Case for sustainability in strategy and operations : overcoming the challenges of product design in creating competitive advantages in circular supply chains. Dalmia, N. Master's thesis, Massachusetts Institute of Technology, Sloan School of Management, Cambridge, MA, 2014.
Case for sustainability in strategy and operations : overcoming the challenges of product design in creating competitive advantages in circular supply chains [link]Paper  abstract   bibtex   
The previous industrial revolutions coupled with long-established business models have created a lock-in towards a linear 'take-make-dispose' model of production and consumption - products are manufactured using non-renewable sources and raw materials, manufacturing wastes are discarded as unusable, product is sold through the supply chain often creating more disposal of wastes, the final product is used by the end consumer till a less than optimal end-of-life, and then disposed or incinerated as landfill. The effects are clear and unsustainable - rapid spikes in resource prices, dangerous price volatility in the economy, discomforting signs of resource exhaustion and a trend towards business uncertainty and disruptions that can derail economic and social growth. The need for an alternative business model is becoming paramount, compelling organizations to find solutions to advance resource performance by reusing, remanufacturing, refurbishing and recycling products and parts to restore non-renewable resources, essentially 'closing the loop'. The management thinking behind creating this circular or 'cradle-to-cradle' supply chain rather than a linear or 'cradle-to-grave' model addresses the various aspects of revamping a business model from product design to recycling methods. This thesis focuses on overcoming challenges of product design in achieving that end. The paper is structured around four chapters. Chapter I opens the paper with an analysis of the circular supply chain model as compared with the linear consumption model, its impact on sustainability and management practices, the emergence and necessity of closing the loops, and the progress so far and limitations of the model. The role of product design in creating circular supply chains, and the variables associated with the challenges are explored in Chapter II. Based on these variables we analyze two case studies to check how our findings apply to two important product life cycle strategies. We also analyze the impact of these strategies on competitiveness and sustainability to demonstrate the business case for circular supply chains. This allows us to demonstrate important links between these variables to highlight overarching criteria to satisfy effective product design in Chapter III.
@mastersthesis{dalmia_case_2014,
	address = {Cambridge, MA},
	title = {Case for sustainability in strategy and operations : overcoming the challenges of product design in creating competitive advantages in circular supply chains},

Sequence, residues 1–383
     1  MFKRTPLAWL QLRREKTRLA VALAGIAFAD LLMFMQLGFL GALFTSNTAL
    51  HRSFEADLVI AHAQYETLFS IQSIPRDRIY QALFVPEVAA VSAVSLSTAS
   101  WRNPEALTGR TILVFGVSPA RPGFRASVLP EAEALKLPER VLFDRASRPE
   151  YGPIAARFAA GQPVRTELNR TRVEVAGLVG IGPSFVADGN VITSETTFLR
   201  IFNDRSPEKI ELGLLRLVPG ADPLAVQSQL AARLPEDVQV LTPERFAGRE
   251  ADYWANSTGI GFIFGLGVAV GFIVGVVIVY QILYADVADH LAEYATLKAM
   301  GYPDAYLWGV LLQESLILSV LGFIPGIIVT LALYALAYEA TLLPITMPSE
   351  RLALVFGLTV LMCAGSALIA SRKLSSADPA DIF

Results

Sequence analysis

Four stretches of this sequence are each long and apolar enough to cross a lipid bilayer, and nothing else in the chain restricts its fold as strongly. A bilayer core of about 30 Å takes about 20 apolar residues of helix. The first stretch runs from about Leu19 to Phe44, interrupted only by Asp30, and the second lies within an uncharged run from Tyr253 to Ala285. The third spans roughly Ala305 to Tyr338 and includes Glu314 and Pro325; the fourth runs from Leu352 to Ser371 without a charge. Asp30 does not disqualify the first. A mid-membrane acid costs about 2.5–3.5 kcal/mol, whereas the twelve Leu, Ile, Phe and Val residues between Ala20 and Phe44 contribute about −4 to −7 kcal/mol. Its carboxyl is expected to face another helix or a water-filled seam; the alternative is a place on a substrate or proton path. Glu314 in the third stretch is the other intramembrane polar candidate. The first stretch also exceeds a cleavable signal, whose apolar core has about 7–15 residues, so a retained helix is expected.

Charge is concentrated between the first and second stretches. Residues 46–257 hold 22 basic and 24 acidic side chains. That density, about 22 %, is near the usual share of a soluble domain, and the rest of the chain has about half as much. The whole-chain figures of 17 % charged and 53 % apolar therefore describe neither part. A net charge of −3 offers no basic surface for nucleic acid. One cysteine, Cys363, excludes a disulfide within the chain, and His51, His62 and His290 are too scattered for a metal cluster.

copyright = {http://dspace.mit.edu/handle/1721.1/7582},
	shorttitle = {Case for sustainability in strategy and operations},
	url = {http://dspace.mit.edu/handle/1721.1/90236},
	abstract = {The previous industrial revolutions coupled with long-established business models have created a lock-in towards a linear 'take-make-dispose' model of production and consumption - products are manufactured using non-renewable sources and raw materials, manufacturing wastes are discarded as unusable, product is sold through the supply chain often creating more disposal of wastes, the final product is used by the end consumer till a less than optimal end-of-life, and then disposed or incinerated as landfill. The effects are clear and unsustainable - rapid spikes in resource prices, dangerous price volatility in the economy, discomforting signs of resource exhaustion and a trend towards business uncertainty and disruptions that can derail economic and social growth. The need for an alternative business model is becoming paramount, compelling organizations to find solutions to advance resource performance by reusing, remanufacturing, refurbishing and recycling products and parts to restore non-renewable resources, essentially 'closing the loop'. The management thinking behind creating this circular or 'cradle-to-cradle' supply chain rather than a linear or 'cradle-to-grave' model addresses the various aspects of revamping a business model from product design to recycling methods. This thesis focuses on overcoming challenges of product design in achieving that end. The paper is structured around four chapters. Chapter I opens the paper with an analysis of the circular supply chain model as compared with the linear consumption model, its impact on sustainability and management practices, the emergence and necessity of closing the loops, and the progress so far and limitations of the model. The role of product design in creating circular supply chains, and the variables associated with the challenges are explored in Chapter II. Based on these variables we analyze two case studies to check how our findings apply to two important product life cycle strategies. We also analyze the impact of these strategies on competitiveness and sustainability to demonstrate the business case for circular supply chains. This allows us to demonstrate important links between these variables to highlight overarching criteria to satisfy effective product design in Chapter III.},
	language = {en},
	urldate = {2018-03-29},
	school = {Massachusetts Institute of Technology, Sloan School of Management},
	author = {Dalmia, Niraj},
	year = {2014}
}
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